When they gamble, they think of those funds as “spent,” not funds that are “lost.”
When we think of something as “lost,” then we want to “find” it again, and that leads to chasing behavior.
Keep in mind
When people are social gamblers, or gamble responsibly, they take entertainment money to spend, enjoy gambling, and quit when that money is gone or when it is time to go home or do something else.
Those with gambling disorders are unable to do that.
As noted by the characteristics above, they chase losses, borrow money to gamble, including charging on a credit card, and cannot quit even though they may have tried.
They may lose their job because of absenteeism, they may lose their house because of inability to pay their rent or mortgage, and they may lose their family because of the mistrust and financial situation that has been created at home, and the hardships the family is experiencing.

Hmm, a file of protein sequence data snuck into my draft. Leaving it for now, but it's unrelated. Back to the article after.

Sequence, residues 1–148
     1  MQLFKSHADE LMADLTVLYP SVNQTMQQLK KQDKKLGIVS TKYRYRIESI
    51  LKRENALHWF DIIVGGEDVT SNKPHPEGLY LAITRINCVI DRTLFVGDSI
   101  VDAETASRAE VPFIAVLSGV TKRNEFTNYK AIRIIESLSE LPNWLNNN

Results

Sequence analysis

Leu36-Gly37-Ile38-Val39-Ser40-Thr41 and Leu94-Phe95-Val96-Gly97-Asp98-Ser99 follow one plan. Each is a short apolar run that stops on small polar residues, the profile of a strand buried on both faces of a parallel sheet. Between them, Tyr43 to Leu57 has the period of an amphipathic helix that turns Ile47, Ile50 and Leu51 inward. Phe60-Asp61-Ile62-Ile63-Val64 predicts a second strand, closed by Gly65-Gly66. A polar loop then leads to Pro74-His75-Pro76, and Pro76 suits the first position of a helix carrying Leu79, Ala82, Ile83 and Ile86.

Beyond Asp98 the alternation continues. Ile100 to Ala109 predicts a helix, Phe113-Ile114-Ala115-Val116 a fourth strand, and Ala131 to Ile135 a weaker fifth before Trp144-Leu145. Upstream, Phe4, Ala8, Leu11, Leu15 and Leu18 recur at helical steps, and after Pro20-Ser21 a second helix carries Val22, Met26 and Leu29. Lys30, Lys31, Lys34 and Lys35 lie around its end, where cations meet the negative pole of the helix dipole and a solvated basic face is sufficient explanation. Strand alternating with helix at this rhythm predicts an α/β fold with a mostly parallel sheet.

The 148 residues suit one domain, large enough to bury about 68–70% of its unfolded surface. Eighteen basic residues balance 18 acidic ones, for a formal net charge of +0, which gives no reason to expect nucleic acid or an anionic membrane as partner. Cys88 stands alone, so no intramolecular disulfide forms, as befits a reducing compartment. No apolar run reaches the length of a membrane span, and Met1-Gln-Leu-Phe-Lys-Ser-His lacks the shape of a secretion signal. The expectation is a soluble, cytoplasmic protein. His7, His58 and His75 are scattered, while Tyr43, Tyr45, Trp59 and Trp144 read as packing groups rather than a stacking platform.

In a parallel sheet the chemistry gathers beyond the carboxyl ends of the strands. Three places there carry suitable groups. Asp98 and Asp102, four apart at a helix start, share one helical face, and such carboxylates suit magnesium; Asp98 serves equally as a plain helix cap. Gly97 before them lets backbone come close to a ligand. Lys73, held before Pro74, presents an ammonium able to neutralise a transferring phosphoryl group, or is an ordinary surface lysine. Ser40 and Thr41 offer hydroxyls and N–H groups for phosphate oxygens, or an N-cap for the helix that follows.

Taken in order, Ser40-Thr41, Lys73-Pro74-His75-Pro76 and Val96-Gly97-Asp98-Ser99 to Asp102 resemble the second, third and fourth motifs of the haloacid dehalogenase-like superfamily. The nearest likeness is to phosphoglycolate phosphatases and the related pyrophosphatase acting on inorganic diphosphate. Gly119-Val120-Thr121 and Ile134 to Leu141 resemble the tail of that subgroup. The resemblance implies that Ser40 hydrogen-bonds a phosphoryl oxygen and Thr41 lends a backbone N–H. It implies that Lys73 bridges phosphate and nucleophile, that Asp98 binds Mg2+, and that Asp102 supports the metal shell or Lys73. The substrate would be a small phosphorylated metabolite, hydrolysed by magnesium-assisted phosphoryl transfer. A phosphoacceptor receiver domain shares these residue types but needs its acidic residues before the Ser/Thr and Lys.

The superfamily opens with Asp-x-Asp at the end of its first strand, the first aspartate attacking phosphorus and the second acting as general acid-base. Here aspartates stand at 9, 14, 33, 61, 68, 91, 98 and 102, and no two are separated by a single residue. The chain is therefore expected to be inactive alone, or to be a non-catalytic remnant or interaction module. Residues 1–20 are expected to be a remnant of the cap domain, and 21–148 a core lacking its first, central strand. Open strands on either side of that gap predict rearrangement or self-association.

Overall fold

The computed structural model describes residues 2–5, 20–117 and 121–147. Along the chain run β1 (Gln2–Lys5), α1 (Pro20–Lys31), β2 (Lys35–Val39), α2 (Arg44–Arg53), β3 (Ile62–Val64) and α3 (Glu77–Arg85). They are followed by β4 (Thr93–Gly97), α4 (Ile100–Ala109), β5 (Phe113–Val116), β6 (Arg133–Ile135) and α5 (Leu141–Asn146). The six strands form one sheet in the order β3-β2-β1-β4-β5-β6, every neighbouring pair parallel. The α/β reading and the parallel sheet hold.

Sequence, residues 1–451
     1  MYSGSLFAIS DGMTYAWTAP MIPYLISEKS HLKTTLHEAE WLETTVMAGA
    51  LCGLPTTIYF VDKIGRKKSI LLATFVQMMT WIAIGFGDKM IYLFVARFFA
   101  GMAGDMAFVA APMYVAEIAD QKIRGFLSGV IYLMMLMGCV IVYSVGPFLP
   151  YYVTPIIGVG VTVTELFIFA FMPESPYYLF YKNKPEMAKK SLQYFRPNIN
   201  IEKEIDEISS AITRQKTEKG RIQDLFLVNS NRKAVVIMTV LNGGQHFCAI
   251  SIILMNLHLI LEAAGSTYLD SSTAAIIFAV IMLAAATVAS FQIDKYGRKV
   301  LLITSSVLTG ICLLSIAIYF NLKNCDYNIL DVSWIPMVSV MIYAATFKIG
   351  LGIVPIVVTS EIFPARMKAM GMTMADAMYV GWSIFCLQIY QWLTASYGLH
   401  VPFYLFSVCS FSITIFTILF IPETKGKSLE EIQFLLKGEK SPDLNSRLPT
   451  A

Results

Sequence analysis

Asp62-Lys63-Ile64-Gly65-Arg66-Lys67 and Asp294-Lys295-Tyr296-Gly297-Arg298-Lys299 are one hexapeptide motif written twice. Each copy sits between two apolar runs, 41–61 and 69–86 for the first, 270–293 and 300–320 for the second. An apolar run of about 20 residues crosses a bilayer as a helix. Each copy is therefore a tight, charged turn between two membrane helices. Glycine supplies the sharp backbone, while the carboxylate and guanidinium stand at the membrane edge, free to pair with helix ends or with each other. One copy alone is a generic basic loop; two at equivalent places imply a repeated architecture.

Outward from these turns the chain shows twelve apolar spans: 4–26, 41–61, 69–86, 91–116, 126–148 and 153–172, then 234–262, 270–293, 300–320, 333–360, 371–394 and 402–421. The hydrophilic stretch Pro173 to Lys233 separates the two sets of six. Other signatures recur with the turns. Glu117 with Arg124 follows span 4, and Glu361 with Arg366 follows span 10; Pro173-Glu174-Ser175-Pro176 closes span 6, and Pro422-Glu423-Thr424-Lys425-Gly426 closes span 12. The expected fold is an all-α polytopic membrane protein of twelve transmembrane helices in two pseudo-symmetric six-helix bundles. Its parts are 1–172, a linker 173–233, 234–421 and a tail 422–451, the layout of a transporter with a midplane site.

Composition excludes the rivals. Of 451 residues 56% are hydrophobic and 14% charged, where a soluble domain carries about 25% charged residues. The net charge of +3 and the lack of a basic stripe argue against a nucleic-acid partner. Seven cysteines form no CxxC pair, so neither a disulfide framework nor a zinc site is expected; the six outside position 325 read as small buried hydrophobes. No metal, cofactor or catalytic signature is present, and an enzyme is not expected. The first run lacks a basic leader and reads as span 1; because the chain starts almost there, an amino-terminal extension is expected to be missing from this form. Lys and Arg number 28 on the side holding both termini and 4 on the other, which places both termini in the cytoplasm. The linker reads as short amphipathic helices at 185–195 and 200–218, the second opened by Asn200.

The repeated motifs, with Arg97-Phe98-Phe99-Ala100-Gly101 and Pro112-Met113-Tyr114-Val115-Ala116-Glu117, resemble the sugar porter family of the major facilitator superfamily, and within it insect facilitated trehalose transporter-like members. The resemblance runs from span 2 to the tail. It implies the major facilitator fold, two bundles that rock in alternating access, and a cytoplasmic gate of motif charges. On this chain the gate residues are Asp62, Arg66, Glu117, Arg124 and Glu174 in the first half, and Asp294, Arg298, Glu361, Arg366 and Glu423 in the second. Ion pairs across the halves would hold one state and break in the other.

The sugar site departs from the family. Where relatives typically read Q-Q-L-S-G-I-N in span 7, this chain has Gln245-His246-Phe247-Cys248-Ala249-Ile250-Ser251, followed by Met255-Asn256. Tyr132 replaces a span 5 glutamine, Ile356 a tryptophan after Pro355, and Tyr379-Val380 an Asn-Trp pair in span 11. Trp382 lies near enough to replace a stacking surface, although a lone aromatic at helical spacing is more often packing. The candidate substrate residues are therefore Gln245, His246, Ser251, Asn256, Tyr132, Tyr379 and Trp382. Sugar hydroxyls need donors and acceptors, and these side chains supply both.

The good news is that gambling disorders can be successfully addressed in treatment. In some countries and in some states, there is treatment available at no charge to those who may need it.
Most of us are not trained or qualified to diagnose a gambling disorder using the criteria listed above.
There are some behaviors that we may notice that might or might not indicate that someone is having difficulty because of their gambling.
Any one of these might not mean anything, but if a person has several of these behaviors, it might warrant a conversation:
These are just a few of the signs that could be noticed. Again, any of these does not mean a person has a gambling disorder.